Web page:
There are cities that conjure tingles when referenced for their mystique and romance. London, Paris, and New York all bring a smile to the faces of many, but for me, nothing can compare to the sultry breezes and intriguing architecture of New Orleans. Steeped in history, mystery, and a whole lot of sin, it is one of the most original spots on earth. Where old-world blends with modern day, the people, atmosphere, and culture are like no place else. It’s this exotic blend that makes the town such a worthy backdrop for my novel Blackwell. Despite time and the advent of technology, there is a rhythm in New Orleans that seems impervious to change. What was true in the time of Magnus Blackwell is still true today.
However, it’s the darker side of the Big Easy that makes it a pivotal part of Magnus Blackwell’s world. Ghosts, voodoo, and eclectic people have persisted in New Orleans almost as long as the city has been in existence. Murky myths add to its allure and make it a thrilling spot to set any literary adventure.
Famous as the most haunted destination in the United States, residents of New Orleans are as accustomed to ghosts as those in Los Angeles might be to smog, traffic, and noise. The ethereal is woven into the fabric of the dreamy iron balconies and shuttered doorways. Complaints of unintelligible voices, screams, footsteps, and unexplained knocking are as common in early morning banter between neighbors as cordial greetings. When you live in the French Quarter, hearing, “my ghost kept me up all night,” is the norm. Perhaps this is why spectral visitors are just as much a facet of life as red beans and rice on Mondays. And with the rise of haunted tours, ghosts are now big business. Taking what was once an inconvenience and turning it into a cash cow. But ask any of the locals if they would be happier relieved of their supernatural visitors, every single one of them would say no. New Orleans wouldn’t be the same without its ghosts. For those who love the city, it’s reassuring to know you never have to leave it.
Unlike other cities where the topic of voodoo was spoken in hushed whispers, New Orleans readily embraced the religion. The blending of the African and Catholic customs reached its zenith along the Mississippi River. Because of voodoo’s influence in the Crescent City, words such as gris-gris, ju-ju, and voodoo doll were introduced into the American vocabulary. Even famous practitioners of the art became legends. Marie Laveau is still regarded by many as the queen of voodoo. Her annual St. John’s Eve ritual performed on the banks of Bayou St. John continues to this day. And even though her religion has become more commercial that practical, the essence of it adds an air of enchantment to those tightly packed Creole cottages along St. Anne Street. And some insist, on a cold day when the light is right, you can see the regal figure of Ms. Marie strolling along the cracked sidewalks of The Quarter and keeping an eye on her hometown.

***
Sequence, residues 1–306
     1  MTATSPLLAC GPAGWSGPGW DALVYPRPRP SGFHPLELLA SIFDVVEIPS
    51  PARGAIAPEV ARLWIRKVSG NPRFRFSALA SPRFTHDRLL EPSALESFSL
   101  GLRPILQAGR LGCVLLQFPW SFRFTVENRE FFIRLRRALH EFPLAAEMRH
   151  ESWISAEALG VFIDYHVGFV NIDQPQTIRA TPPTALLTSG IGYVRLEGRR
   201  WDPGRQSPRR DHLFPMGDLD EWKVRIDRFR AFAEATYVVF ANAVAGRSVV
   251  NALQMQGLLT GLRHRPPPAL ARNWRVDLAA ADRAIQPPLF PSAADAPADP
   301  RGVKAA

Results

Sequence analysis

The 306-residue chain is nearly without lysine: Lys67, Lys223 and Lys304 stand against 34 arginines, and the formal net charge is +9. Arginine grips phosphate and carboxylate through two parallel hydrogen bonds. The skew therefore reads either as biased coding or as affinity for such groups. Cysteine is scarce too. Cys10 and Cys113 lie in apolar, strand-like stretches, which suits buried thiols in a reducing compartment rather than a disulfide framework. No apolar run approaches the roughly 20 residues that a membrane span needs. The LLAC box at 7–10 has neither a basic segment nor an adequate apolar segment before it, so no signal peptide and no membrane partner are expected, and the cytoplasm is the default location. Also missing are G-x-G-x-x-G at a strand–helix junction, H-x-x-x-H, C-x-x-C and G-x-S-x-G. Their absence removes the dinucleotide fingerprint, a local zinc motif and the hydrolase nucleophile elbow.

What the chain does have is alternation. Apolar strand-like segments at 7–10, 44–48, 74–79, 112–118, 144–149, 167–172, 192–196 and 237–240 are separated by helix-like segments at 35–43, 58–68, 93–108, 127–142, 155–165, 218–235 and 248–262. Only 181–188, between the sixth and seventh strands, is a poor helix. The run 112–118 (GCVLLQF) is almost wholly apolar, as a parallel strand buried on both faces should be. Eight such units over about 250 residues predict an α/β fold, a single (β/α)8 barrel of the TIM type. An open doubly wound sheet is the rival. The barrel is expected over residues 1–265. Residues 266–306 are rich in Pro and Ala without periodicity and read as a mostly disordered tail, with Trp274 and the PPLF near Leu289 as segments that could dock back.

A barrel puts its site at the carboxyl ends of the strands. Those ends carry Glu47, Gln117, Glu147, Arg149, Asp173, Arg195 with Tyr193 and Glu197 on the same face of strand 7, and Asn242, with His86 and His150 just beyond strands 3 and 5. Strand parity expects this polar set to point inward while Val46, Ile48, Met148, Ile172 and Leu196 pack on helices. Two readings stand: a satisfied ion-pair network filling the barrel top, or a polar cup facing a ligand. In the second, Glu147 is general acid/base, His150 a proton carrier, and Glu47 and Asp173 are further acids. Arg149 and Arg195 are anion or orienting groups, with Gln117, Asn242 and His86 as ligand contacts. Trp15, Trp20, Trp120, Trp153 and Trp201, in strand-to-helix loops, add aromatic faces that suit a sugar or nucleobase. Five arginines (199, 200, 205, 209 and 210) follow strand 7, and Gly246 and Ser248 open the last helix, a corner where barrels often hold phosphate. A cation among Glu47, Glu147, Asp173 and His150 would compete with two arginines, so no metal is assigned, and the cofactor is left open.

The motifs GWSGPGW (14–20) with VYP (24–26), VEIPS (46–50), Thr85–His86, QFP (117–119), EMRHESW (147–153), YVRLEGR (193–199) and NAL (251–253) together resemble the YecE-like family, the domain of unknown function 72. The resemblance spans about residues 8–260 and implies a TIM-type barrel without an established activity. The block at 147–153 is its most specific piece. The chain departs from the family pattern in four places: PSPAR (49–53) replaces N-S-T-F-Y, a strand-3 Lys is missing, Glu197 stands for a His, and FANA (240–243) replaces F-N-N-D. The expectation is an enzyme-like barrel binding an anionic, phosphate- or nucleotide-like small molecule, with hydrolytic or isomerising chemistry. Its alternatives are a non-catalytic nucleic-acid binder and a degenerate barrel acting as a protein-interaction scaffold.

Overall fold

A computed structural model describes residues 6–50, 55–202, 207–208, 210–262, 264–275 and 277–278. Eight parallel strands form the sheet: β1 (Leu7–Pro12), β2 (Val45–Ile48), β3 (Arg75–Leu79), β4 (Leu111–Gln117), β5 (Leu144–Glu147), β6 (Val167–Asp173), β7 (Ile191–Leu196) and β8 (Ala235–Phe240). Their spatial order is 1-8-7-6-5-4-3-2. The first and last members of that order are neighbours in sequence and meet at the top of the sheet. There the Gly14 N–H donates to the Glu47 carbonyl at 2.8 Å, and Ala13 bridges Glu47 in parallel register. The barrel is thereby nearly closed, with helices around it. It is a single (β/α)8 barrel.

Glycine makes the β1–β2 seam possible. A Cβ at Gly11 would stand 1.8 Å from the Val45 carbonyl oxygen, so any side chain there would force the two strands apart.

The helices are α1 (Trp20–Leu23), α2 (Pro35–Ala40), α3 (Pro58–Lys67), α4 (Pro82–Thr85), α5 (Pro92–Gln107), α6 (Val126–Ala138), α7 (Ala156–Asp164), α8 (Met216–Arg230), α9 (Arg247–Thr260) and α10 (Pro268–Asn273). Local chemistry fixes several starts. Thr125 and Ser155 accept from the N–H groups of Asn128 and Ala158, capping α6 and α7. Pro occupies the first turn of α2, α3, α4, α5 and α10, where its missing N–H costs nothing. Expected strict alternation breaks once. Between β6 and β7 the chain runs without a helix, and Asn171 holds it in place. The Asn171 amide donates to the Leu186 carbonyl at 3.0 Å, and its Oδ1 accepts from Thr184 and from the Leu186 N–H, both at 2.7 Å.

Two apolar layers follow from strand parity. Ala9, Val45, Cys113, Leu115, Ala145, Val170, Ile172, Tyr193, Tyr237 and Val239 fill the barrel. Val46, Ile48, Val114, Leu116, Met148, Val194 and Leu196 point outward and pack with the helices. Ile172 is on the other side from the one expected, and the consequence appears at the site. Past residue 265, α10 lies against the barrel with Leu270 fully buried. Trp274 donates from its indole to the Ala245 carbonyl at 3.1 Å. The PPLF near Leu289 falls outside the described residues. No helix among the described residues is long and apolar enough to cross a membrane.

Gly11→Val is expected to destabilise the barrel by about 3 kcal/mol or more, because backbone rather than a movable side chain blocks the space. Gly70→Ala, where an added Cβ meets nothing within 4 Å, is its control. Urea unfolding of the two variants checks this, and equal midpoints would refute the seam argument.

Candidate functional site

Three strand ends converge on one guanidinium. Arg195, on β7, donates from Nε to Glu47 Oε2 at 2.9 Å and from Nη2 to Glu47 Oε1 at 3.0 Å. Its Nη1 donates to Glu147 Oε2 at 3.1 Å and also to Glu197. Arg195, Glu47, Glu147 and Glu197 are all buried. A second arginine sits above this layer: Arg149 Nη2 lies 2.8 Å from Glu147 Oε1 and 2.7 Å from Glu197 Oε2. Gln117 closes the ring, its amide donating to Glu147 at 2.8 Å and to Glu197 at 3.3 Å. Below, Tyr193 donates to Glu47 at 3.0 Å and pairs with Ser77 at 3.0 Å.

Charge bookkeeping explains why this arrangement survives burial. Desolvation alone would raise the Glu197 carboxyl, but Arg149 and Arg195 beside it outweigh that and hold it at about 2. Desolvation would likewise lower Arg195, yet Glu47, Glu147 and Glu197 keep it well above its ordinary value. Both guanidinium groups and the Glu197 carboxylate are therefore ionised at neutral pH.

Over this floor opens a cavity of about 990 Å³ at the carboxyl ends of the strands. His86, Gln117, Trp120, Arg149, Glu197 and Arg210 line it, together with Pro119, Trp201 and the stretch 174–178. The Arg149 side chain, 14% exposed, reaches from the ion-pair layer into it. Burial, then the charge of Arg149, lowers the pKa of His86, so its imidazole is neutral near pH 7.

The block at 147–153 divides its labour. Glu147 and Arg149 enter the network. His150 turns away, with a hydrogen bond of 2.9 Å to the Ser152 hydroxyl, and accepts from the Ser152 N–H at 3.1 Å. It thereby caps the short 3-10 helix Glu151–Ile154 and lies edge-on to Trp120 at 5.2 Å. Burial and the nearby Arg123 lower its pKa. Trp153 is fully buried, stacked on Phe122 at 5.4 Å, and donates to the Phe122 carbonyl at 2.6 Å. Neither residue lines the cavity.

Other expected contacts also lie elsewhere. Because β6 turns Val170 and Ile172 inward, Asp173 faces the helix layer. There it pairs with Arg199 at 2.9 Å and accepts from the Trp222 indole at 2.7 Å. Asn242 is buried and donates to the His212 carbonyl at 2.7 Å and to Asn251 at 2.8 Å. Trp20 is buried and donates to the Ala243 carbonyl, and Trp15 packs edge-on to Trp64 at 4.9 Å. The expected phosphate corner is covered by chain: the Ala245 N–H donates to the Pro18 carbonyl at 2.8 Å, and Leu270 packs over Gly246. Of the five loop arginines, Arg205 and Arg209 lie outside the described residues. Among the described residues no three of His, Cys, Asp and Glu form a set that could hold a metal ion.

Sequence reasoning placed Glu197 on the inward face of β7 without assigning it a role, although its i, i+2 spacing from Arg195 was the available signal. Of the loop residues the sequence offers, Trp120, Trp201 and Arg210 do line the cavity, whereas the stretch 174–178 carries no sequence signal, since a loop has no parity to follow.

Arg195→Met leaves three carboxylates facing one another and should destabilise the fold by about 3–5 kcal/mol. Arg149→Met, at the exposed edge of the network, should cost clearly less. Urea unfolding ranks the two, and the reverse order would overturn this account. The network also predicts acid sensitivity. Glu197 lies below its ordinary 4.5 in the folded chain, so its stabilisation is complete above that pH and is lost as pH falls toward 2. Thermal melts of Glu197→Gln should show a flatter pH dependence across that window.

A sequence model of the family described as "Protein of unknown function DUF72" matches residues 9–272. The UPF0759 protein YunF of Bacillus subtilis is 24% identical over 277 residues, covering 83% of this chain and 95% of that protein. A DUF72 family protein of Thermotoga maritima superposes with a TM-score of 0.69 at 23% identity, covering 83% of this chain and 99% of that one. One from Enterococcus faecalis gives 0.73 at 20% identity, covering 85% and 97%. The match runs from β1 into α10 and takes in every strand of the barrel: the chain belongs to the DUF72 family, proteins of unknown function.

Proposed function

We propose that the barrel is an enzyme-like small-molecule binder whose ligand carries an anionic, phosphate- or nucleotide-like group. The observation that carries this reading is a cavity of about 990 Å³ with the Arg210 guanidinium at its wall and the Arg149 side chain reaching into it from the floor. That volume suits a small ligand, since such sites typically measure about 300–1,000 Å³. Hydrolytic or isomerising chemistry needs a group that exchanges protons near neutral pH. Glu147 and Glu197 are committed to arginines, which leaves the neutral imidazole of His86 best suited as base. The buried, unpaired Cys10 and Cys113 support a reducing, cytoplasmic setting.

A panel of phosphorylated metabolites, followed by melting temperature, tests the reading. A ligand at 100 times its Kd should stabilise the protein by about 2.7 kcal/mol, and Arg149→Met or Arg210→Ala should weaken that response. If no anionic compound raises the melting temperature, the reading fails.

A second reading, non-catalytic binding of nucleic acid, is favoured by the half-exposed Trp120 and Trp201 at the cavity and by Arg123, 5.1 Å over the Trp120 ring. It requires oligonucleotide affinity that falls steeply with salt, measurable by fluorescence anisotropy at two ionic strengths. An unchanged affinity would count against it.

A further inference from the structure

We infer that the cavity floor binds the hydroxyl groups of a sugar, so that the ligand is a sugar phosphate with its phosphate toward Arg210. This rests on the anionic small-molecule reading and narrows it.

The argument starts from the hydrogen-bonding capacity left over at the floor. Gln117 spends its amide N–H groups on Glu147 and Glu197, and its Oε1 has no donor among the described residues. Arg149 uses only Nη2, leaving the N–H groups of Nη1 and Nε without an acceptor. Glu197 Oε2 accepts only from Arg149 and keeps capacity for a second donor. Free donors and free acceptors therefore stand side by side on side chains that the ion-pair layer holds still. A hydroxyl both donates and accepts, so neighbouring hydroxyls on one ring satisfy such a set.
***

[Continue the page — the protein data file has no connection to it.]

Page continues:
Probably the most memorable part of any visit to The Big Easy is the numerous encounters with its Bohemian inhabitants. Their unique character embodies all that is inviting about New Orleans. From quirky traditions to flamboyant celebrations, everything this town encompasses comes alive in its citizens. When life and death are celebrated with the same exuberance, one can’t help but be enchanted. There is something about the people that gets under your skin. A haven for writers, poets, artists, and musicians, the creative pulse resonates through every cobblestone of Jackson Square. Maybe this is why New Orleans has been the setting for so many great stories. Like a heady gumbo, it stirs the soul. Reason enough to make it one of the settings in my book.
There are many delights and a few dangers in New Orleans, but despite everything, it is a place where the impossible can seem probable. I can think of nowhere else to set the dark and sinister tale of Blackwell. It is a bastion where lost souls can find rest, forbidden religions can influence a culture, and people are encouraged to march to a different drum. All that is extraordinary defines this fabulous city, and all who embrace it are touched by magic.